There are some sites still use odd numbers for font sizes, but why we used "commonly" even numbers?
The point is a measurement system inherited from traditional print typography. It has had various definitions, much like the inch and foot. With the introduction of PostScript, it has been defined to be 1/72 inch. I don't recall the specific history, but the use of certain font sizes long predates computing. They continue to be used because they work, and there is no pressing need for change.
Apparently, px doesn't really stand for "pixels". Rather, it is defined as 1/96 inch. For traditional displays, which are 96 dpi, a px is equivalent to a pixel. However, for printers and high-dpi displays, it's different. Converting some common point sizes to px, we get:
- 14pt = 14*96/72 = 18.7 px.
- 12pt = 12*96/72 = 16 px.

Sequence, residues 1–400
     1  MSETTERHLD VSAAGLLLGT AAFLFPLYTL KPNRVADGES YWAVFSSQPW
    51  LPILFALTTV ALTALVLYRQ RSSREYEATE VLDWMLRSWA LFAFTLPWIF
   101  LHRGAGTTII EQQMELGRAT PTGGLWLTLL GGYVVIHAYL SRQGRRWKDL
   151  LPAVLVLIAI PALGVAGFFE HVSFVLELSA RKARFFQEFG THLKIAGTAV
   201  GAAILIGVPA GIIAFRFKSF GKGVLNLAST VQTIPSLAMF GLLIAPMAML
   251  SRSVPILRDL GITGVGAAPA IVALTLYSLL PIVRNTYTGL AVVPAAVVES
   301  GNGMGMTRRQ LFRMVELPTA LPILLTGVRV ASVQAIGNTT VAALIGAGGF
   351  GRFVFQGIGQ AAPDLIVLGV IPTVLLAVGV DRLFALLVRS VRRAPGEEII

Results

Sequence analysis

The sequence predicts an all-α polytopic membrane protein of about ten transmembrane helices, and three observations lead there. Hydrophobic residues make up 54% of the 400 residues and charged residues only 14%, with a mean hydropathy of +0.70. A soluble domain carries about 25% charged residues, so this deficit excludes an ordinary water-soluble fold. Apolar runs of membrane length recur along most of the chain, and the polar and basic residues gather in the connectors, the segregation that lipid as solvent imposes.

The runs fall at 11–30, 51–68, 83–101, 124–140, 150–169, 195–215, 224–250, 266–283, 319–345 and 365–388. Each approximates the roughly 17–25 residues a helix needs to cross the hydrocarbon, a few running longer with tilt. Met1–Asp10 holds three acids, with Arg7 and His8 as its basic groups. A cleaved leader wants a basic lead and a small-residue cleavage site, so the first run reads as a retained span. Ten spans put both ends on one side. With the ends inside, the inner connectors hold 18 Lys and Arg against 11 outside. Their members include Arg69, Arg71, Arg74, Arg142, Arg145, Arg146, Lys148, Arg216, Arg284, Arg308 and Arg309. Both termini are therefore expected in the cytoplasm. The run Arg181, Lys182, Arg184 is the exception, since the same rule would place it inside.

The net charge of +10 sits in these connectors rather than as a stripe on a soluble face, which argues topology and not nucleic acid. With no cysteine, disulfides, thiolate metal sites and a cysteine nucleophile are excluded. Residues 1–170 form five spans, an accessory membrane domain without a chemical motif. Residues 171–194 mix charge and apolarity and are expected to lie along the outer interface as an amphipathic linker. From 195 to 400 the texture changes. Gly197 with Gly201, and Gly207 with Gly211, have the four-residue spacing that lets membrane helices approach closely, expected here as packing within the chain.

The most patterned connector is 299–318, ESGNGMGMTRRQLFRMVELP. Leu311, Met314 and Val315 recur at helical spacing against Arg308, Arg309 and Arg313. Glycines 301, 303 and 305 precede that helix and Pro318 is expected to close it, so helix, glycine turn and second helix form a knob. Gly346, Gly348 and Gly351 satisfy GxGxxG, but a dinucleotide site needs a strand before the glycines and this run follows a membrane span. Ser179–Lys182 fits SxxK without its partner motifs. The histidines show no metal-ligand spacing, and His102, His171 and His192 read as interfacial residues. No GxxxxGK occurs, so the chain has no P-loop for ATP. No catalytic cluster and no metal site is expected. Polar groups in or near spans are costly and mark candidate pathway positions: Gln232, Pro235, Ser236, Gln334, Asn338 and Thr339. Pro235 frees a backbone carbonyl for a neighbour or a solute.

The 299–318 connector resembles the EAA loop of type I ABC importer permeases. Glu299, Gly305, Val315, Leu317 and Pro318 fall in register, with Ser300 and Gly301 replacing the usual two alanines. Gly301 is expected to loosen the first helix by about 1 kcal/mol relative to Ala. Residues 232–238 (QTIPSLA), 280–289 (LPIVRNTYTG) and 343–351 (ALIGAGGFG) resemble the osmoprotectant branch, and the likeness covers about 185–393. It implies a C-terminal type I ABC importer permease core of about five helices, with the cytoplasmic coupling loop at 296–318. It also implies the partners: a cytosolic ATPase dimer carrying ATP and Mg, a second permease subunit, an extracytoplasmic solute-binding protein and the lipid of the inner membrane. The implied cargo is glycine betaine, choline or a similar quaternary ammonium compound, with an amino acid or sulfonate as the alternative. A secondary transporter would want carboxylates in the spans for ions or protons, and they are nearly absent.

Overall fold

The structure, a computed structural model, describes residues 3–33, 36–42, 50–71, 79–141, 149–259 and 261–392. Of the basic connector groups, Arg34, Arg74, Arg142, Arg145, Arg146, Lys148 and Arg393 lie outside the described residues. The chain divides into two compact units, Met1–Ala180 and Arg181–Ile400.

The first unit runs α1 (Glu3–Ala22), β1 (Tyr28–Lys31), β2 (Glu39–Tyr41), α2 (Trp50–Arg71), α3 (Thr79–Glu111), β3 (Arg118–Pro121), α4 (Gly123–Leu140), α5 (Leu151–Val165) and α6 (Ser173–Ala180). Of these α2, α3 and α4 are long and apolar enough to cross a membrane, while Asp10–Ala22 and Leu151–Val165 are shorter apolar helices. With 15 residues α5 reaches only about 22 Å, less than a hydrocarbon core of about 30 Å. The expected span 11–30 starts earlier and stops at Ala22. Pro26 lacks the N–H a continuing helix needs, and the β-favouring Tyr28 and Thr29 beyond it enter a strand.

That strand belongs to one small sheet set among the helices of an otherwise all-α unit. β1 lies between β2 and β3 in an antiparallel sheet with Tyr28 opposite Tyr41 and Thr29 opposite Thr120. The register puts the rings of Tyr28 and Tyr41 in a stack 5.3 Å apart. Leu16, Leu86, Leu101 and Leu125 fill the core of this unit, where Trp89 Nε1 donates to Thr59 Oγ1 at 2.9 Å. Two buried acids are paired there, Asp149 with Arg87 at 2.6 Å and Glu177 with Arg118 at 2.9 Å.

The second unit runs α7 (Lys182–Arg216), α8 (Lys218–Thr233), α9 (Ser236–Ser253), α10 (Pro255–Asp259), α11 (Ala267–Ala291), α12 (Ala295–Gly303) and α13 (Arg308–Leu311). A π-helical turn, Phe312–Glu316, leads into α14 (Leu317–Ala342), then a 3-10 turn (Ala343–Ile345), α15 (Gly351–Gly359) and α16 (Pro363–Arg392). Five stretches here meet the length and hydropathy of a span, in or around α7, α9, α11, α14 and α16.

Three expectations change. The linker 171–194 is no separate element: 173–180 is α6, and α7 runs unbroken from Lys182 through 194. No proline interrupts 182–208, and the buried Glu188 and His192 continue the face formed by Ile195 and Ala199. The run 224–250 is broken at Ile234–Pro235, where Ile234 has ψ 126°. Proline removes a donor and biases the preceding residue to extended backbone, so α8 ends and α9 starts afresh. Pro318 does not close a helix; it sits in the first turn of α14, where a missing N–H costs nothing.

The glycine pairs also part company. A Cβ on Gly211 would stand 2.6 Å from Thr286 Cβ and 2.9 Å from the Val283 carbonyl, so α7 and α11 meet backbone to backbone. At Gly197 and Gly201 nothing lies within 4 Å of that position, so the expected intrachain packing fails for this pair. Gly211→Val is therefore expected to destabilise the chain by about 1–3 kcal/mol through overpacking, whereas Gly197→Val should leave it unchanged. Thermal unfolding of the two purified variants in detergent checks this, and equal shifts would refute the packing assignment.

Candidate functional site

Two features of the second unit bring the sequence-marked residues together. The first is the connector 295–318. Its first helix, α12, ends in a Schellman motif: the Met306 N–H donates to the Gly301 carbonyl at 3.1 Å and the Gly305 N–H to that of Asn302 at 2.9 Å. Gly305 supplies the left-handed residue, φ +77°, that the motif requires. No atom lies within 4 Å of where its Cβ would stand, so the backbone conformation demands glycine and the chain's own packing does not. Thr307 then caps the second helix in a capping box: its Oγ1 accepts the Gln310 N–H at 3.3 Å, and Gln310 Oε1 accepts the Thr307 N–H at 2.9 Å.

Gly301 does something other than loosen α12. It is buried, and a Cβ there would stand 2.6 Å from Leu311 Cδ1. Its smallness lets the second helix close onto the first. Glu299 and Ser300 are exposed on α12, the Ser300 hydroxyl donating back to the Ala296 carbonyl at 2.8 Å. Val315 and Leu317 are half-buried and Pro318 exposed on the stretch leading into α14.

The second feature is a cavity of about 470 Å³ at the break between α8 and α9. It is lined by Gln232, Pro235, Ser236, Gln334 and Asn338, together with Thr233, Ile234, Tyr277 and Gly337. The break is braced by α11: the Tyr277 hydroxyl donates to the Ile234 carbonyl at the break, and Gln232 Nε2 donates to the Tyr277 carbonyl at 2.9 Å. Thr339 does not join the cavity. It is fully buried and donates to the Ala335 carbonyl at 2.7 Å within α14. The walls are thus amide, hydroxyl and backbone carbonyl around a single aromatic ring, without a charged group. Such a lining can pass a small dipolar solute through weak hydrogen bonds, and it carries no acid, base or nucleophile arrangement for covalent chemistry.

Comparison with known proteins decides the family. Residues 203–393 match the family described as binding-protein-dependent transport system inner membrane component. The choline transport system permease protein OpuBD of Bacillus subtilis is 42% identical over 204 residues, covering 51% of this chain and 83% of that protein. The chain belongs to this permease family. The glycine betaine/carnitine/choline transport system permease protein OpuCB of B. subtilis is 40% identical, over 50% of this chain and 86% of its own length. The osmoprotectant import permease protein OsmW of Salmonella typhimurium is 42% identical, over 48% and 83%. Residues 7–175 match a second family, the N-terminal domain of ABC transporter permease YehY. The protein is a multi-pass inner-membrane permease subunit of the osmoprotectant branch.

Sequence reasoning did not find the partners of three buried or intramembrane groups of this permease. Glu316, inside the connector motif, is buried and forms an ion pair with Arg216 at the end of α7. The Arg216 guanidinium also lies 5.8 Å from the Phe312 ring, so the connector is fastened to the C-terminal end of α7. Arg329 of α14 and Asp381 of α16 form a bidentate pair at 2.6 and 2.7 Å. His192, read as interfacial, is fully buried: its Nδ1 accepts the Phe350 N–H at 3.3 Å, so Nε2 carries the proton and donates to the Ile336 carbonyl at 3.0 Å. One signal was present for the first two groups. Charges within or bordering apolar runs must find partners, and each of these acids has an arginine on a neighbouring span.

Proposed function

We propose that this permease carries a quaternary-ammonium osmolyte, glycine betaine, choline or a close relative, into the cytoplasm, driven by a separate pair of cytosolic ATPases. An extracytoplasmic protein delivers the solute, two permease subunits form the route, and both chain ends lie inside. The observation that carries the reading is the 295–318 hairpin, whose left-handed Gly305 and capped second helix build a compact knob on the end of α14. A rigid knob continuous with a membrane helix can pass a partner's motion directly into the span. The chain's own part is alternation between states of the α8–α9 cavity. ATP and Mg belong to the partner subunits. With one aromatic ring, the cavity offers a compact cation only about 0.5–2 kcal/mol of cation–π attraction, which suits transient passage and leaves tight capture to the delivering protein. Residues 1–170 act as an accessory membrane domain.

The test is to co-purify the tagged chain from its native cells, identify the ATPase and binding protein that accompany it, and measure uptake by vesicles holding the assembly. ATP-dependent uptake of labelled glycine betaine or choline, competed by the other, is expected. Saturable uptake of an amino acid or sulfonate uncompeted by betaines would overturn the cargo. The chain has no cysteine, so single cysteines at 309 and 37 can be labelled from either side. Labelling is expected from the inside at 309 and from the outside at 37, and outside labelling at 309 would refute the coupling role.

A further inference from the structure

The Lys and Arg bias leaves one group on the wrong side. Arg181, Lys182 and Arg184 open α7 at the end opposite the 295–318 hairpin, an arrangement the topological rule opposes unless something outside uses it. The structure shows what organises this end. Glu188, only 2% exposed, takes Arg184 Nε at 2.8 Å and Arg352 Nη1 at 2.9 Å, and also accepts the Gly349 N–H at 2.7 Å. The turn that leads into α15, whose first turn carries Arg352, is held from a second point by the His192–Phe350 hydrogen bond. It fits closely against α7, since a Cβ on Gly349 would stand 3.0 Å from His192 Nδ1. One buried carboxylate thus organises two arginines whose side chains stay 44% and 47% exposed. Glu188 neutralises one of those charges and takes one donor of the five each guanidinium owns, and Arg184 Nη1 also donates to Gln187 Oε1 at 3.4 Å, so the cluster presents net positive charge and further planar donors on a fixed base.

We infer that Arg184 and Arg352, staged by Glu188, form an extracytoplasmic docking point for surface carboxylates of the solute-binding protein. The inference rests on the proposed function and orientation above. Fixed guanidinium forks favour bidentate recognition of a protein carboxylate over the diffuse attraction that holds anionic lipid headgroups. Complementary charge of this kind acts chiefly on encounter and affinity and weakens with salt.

- 10pt = 10*96/72 = 13.3 px.
The conversion results in fractional pixels that cannot be displayed accurately on standard displays, even with anti-aliasing and sub-pixel rendering tricks. So web designers may choose to round up or down, according to their preference, habit, or copying of stylesheets. (For example, 13.3 rounded up is 14, even. Rounded down is 13, odd.)
This has to do with technical dependency.
There is no "technical dependency" that affects choice of even vs odd pixel sizes.
Just like icon sizes, font sizes or any other fixed dimension in pixels are maintained at even numbers to support scaling.
There is nothing about even vs odd numbers that affects scaling. For instance, 80% of 24 = 19.2; 80% of 15 = 12. However, 75% of 24 = 18; 75% of 15 = 11.25.
... browsers cannot render pixels in decimal.
Huh? My browser works with base 10 just fine.